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Two best meals in Boston


ulterior epicure
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Looks like I might be headed back to Boston (first time back in too many years) soon. I'm so out of the loop on the local restaurant scene, and would like some vetted advice from the local eG'ers.

I'll most likely have time for two dinners. I'm looking for two high-end restaurant experiences. No. 9 Park will probably be one. Any other suggestions?

I'm a sushi devotee, and I've heard Uni is good - but I also have heard that it's what I call "modern" sushi. I'm a purist.

Hammersley Bistro, L'Espalier, and Locke-Ober have all been on my radar, but I have no clue as to their current status.

One wrench in the monkey: One dinner inevitably will be a Monday night.

“Watermelon - it’s a good fruit. You eat, you drink, you wash your face.”

Italian tenor Enrico Caruso (1873-1921)

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Two more things:

1. Clio??

2. Needs to be manageably accessible - I will be staying near the Institute of Contemporary Art. Will not have car. But, having lived in Boston for a while (many moons ago), I'm T/cab friendly.

“Watermelon - it’s a good fruit. You eat, you drink, you wash your face.”

Italian tenor Enrico Caruso (1873-1921)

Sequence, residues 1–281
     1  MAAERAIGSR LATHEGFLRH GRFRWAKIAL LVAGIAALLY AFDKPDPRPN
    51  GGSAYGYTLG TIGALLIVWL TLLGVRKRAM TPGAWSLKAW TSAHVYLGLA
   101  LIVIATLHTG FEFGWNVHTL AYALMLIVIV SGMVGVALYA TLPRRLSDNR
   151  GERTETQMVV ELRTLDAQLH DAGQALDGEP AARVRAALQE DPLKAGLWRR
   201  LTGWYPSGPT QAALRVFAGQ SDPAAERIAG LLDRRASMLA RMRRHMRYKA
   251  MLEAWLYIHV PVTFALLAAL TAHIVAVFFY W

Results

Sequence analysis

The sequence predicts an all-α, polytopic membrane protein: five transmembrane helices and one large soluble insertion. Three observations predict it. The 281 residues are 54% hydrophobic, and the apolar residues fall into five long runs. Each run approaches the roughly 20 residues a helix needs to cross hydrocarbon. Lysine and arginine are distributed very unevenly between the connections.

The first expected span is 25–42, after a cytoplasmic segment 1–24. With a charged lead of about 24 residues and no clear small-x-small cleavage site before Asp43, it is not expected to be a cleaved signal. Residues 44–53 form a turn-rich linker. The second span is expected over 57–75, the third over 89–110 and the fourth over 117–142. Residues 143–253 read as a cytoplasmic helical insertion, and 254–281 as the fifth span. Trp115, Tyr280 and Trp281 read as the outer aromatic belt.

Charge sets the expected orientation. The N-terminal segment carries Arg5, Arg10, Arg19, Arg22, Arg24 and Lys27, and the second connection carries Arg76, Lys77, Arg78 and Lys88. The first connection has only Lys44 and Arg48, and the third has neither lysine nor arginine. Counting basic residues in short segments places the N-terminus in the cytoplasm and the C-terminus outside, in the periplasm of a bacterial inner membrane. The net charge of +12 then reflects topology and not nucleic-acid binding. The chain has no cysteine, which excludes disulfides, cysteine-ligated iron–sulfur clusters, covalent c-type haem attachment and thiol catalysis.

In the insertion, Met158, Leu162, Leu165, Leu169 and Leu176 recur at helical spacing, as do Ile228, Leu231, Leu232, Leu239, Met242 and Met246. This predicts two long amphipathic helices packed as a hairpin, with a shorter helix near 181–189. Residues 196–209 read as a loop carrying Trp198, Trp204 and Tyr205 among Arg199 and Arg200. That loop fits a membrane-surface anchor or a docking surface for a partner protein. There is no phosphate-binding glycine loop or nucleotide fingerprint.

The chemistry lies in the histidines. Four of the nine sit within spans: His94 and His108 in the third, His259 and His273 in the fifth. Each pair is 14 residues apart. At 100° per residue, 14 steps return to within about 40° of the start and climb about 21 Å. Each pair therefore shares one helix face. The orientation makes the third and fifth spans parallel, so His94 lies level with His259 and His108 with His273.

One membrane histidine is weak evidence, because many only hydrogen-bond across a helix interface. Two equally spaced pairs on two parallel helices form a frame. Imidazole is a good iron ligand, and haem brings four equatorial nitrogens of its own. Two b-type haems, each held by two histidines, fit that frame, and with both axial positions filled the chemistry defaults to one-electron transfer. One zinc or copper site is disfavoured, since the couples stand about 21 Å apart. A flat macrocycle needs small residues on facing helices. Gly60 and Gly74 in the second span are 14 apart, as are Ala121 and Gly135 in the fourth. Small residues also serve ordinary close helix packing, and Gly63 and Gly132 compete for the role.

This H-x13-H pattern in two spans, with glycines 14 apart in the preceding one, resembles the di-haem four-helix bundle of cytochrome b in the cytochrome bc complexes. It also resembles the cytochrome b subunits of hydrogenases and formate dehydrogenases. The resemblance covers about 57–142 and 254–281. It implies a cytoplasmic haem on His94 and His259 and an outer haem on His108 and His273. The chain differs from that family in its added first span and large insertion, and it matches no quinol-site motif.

ulteriorepicure.com

My flickr account

ulteriorepicure@gmail.com

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Two more things:

1. Clio??

2. Needs to be manageably accessible - I will be staying near the Institute of Contemporary Art.  Will not have car.  But, having lived in Boston for a while (many moons ago), I'm T/cab friendly.

my vote is for Clio.

One time;one memorable meal;one hefty check, but worth it.

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I just saw the menu for L'Espalier online. I know it's most likely not current, but my, my, it reads wonderfully. Thoughts?

“Watermelon - it’s a good fruit. You eat, you drink, you wash your face.”

Italian tenor Enrico Caruso (1873-1921)

ulteriorepicure.com

My flickr account

ulteriorepicure@gmail.com

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Craigie St. Bistro in Cambridge. Tony Maws is a recent F&W top chef, the place is "cozy". I had a great meal at Hamersley's. Oiishi is constantly rated as the top sushi in Beantown, I've heard good things about Fugyaku also. For fun, you might think about a stop in Chinatown.

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Craigie St. Bistro in Cambridge. Tony Maws is a recent F&W top chef, the place is "cozy". I had a great meal at Hamersley's. Oiishi is constantly rated as the top sushi in Beantown, I've heard good things about Fugyaku also.  For fun, you might think about a stop in Chinatown.

Oh, right - I forgot about Craigie. Great suggestion.

Isn't Oiishi a chain? That's not, per se, bad, but it makes me a little uneasy. Of course, I could be completely mistaken; this Oiishi may just be spelled the same as sushi chain that I've heard of.

“Watermelon - it’s a good fruit. You eat, you drink, you wash your face.”

Italian tenor Enrico Caruso (1873-1921)

ulteriorepicure.com

My flickr account

ulteriorepicure@gmail.com

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I think you might like Craigie. Locke Ober is rather uninspired food. My limited experience with L'Espalier was fine, but certainly not thrilling. Clio is more interesting. As is Radius. Oiishi will give pimples to a Sushi purist.

I am curious to hear where you went and how you liked it.

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I have never been impressed w/ Hammersley's or L'Espalier.